Soil testing is a valuable tool for determining the fertilizer and limestone needs of field crops, lawns and gardens. Collecting a representative soil sample is the first step in getting accurate, reliable results. Soil pH is a measure of the acidity of the soil. The University of Missouri Soil Testing Laboratory measures salt pH. Some labs measure the soil pH in water. As a general rule, water pH is 0.5 units higher than salt pH.
When the soil test report indicates the pH is too low for optimum nutrient uptake by growing plants, limestone will need to be applied. Autumn is a good time to make limestone applications since it takes three to six months for limestone to breakdown and have the full effect on soil pH. Most plants require a near neutral pH between 6.0 and 6.5 for optimum growth and production. There are exceptions, for example blueberries need a more acidic soil, requiring a pH near 5.0. When soil pH is too high or too low, nutrients are tied up in the soil and are not available for plant growth.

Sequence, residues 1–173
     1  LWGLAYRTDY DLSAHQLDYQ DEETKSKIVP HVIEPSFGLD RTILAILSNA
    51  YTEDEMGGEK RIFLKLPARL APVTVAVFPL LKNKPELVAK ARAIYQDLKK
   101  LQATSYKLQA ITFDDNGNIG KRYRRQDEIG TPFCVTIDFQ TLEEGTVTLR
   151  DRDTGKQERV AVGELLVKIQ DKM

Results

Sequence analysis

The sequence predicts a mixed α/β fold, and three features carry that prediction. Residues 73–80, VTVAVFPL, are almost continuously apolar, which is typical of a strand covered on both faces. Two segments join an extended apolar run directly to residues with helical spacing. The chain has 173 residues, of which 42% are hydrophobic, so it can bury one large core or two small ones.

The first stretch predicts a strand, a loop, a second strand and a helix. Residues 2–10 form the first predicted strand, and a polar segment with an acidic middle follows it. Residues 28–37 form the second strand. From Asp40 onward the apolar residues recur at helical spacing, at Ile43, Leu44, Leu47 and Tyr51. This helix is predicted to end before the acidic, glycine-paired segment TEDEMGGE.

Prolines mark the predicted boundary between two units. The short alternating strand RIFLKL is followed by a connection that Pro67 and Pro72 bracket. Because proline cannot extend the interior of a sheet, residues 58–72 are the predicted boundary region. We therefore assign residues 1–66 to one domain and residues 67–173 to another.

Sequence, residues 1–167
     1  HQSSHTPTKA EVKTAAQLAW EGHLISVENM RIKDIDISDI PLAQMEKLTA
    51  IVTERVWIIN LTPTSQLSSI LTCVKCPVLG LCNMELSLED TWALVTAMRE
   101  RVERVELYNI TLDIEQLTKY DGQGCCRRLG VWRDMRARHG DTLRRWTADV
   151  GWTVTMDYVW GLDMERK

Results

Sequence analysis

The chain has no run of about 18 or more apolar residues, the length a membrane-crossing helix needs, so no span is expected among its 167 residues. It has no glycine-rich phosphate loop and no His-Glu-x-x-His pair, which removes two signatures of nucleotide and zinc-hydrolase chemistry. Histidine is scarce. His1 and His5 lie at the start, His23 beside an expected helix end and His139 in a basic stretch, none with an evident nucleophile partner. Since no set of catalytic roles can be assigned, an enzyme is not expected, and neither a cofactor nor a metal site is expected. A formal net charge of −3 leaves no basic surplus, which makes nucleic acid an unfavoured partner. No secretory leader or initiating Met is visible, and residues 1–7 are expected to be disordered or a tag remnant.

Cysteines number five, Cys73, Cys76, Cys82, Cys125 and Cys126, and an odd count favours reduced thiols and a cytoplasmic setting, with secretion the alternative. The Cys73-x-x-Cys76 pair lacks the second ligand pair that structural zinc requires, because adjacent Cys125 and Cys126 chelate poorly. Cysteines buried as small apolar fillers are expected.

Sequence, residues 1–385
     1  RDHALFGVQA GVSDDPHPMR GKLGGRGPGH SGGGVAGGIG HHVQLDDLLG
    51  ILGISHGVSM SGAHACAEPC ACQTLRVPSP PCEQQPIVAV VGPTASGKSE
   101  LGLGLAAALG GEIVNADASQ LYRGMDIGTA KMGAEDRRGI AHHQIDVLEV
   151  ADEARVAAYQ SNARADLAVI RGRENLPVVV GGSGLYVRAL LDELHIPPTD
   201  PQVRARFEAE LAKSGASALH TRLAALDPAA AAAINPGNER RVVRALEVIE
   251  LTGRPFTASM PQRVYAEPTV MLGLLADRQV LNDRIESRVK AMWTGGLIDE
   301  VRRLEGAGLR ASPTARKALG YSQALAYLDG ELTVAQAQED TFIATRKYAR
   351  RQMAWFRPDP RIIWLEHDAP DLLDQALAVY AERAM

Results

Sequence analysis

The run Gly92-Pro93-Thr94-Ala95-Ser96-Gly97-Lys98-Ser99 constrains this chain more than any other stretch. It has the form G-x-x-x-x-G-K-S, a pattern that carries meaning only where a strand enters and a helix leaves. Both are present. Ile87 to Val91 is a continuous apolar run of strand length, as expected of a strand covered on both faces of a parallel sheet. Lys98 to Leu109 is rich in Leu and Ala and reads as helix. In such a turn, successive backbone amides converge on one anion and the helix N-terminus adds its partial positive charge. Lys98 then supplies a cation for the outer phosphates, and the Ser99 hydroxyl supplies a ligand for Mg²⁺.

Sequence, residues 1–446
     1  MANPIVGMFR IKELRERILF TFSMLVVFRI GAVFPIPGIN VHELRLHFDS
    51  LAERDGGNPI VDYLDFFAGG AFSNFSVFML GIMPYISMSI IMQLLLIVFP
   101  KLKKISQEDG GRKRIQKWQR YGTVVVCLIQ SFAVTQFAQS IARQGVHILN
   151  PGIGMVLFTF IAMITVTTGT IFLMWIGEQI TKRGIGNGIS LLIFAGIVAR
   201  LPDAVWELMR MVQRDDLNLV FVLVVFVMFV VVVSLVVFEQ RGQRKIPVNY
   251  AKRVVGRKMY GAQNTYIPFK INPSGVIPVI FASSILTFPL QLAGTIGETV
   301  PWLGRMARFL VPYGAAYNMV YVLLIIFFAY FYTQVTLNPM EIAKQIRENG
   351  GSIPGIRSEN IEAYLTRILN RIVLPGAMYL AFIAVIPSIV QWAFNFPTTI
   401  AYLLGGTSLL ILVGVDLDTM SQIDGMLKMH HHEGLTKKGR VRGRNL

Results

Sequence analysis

Research at the University of Missouri reported that soil pH can have a dramatic effect on nutrient availability. When soil pH was at the optimum level of 6.5, 100 percent of the nitrogen, phosphorus and potassium applied was available for plant growth. But, as pH decreased, so did nutrient availability. When soil pH was 4.0 it took three to four times as much fertilizer to obtain the same level of nutrient availability. Only 30% of the nitrogen, 23% of the phosphorus, and 33% of the potassium applied were available for plant uptake in this study when soil pH dropped to 4.0.
For more information, contact Valerie Tate, University of Missouri Extension Agronomist at
email@example.com or 660-895-5123. MU Extension programs are open to all.